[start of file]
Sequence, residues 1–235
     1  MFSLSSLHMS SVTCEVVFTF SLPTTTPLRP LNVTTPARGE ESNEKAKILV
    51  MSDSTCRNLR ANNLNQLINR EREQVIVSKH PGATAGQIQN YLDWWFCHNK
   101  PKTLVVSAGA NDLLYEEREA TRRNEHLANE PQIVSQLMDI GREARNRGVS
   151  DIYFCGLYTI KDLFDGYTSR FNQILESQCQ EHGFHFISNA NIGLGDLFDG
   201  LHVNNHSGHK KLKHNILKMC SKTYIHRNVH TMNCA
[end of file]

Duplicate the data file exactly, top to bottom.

Sequence, residues 1–235
     1  MFSLSSLHMS SVTCEVVFTF SLPTTTPLRP LNVTTPARGE ESNEKAKILV
    51  MSDSTCRNLR ANNLNQLINR EREQVIVSKH PGATAGQIQN YLDWWFCHNK
   101  PKTLVVSAGA NDLLYEEREA TRRNEHLANE PQIVSQLMDI GREARNRGVS
   151  DIYFCGLYTI KDLFDGYTSR FNQILESQCQ EHGFHFISNA NIGLGDLFDG
   201  LHVNNHSGHK KLKHNILKMC SKTYIHRNVH TMNCA